The most basic indicator of an outstanding album is its instrumental composition.  This is not to say that an album needs be complex in order to be excellent, but there is an ineffable quality of music that stands out, whether it be unique, or well-executed, or demonstrative of impressive talent.  Still, even the most simple arrangements can cause listeners to lose themselves in the flow of the song.

Perhaps the most notable example of an instrumentally excellent five star album is the Beach Boys’ Pet Sounds.  Under the direction of Brian Wilson, the studio session musicians worked together to create what is arguably the single best album of all time.  To put on headphones, or — even better — to sit at the center of a set of surround sound speakers, is a transcendent experience, listening to this flawless, intricately woven tapestry of instrumentation and, of course, vocals.

FACTOR TWO:  Lyrical — and Vocal — Excellence

A song can only go so far as its lyrics and vocals will provide for it.  Although some may disagree with me, a song needs to be lyrically engaging in order for it to have any longevity on my iPod.  There are exceptions to every rule, but songs should be engaging and thoughtful.  Even simple songs should be well-constructed.  If it seems like the lyrics are phoned-in, then it’s a foregone conclusion that the song can only be interesting for so long.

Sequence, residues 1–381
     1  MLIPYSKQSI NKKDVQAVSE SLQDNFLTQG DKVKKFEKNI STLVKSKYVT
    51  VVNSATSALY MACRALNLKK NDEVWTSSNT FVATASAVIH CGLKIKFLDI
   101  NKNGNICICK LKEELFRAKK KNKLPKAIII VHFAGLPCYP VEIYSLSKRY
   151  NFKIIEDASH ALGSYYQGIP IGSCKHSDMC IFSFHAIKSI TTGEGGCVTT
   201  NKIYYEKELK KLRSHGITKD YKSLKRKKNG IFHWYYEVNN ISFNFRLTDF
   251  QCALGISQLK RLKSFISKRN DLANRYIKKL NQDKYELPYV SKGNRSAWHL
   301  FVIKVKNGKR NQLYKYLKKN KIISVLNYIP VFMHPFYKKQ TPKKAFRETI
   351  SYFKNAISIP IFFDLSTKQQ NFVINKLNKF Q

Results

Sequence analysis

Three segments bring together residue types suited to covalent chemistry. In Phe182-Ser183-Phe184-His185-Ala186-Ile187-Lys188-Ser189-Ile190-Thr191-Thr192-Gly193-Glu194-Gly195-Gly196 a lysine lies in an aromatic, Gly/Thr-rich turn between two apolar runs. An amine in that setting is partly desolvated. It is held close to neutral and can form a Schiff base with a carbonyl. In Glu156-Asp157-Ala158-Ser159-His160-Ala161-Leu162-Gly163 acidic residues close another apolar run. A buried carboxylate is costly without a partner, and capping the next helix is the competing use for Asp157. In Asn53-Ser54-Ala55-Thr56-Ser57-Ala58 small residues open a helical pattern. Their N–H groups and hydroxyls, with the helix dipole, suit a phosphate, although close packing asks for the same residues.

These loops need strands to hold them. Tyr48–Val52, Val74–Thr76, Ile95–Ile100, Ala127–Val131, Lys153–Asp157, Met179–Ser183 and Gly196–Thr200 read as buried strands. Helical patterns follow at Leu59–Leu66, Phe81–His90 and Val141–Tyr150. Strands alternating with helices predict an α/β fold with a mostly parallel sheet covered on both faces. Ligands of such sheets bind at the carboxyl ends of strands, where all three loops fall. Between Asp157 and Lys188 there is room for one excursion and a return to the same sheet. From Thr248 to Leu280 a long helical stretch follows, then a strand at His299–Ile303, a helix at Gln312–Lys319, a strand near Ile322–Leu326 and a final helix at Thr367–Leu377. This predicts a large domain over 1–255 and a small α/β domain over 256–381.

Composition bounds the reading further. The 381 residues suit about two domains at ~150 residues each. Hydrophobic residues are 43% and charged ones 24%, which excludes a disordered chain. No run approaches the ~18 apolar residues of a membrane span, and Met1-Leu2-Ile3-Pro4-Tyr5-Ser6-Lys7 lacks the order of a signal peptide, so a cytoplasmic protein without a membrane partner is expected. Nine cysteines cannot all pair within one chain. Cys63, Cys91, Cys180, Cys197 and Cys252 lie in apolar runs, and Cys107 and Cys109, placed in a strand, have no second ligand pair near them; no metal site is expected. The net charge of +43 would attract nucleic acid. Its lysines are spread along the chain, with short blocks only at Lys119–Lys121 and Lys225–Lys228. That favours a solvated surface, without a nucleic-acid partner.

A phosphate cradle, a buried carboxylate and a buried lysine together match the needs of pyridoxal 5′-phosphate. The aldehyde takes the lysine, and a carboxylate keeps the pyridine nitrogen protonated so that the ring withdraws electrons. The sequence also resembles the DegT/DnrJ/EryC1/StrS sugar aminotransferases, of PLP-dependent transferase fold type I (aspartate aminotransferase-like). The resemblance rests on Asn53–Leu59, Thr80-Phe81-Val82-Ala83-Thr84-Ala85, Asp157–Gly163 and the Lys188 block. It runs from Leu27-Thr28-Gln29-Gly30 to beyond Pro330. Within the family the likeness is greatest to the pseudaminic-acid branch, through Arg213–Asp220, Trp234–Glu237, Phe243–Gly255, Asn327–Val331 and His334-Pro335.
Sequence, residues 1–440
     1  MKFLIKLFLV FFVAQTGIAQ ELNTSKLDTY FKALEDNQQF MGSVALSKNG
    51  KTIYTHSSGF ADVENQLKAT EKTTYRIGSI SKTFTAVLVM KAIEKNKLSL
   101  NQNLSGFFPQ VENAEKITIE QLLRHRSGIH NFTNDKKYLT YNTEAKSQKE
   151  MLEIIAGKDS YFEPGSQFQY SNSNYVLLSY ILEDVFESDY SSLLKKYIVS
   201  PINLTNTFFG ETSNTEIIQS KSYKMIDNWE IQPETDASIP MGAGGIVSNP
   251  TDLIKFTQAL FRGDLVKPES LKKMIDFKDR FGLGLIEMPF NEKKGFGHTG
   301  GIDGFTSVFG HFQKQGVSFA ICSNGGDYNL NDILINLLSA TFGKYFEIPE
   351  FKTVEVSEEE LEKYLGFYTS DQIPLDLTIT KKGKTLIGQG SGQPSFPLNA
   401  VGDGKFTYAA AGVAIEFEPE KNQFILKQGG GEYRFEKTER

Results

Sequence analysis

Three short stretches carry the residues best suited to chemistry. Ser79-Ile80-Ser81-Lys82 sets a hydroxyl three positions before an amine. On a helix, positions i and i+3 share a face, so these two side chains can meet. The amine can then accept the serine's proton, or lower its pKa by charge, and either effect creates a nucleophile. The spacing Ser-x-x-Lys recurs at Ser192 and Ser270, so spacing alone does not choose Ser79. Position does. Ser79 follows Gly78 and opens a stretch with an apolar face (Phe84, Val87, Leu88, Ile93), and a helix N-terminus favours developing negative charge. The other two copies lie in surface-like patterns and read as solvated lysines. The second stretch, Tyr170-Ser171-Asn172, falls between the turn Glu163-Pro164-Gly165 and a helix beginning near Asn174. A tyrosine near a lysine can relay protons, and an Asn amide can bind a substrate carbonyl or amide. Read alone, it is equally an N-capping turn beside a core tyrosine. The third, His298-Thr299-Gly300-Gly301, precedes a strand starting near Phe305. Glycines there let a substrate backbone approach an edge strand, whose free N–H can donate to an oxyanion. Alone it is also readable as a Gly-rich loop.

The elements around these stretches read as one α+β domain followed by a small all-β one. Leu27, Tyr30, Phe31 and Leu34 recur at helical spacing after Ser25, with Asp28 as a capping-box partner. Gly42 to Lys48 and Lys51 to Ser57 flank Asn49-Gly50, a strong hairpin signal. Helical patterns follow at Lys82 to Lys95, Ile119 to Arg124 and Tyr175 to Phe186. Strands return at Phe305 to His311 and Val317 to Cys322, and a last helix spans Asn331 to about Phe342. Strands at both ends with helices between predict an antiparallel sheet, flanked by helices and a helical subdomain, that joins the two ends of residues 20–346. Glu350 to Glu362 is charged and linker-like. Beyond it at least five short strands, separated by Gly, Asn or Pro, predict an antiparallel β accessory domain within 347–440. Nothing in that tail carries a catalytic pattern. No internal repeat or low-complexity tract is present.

Bob Dylan set the standard for great lyrics as early as his second release.  By Blonde on Blonde, his seventh studio album, Dylan had not only perfected his sixties rock sound, but he also unveiled some of his wildest, most poetic lyrics yet in gems like “Visions of Johanna” and “Stuck Inside of Mobile with the Memphis Blues Again.”  The words certainly work best set to music, but taken out of context, they are poems in their own right.

FACTOR THREE:  Strong Individual Songs

Anyone who plays an instrument knows that it takes more than musical talent, a way with words, or distinctive vocals to make a great song.  Sometimes, all three can be present, and yet the song falls flat.  The ability to write a truly excellent song can’t be learned from a book and could never be deconstructed.  There are simply those who can create and balance guitar riffs, vocal hooks, and the like.  And there are those who can’t, or at least not often.

Pearl Jam’s Ten is a great example of a five star album on which each track is equally outstanding in its own unique way.  To think that rockers like “Once,” “Even Flow,” “Alive,” and “Porch” are on the same disc as ballads and dirges like “Black,” “Jeremy,” “Oceans,” and “Release” is mind-blowing.  This is a case of eleven five star songs adding up to a five star album.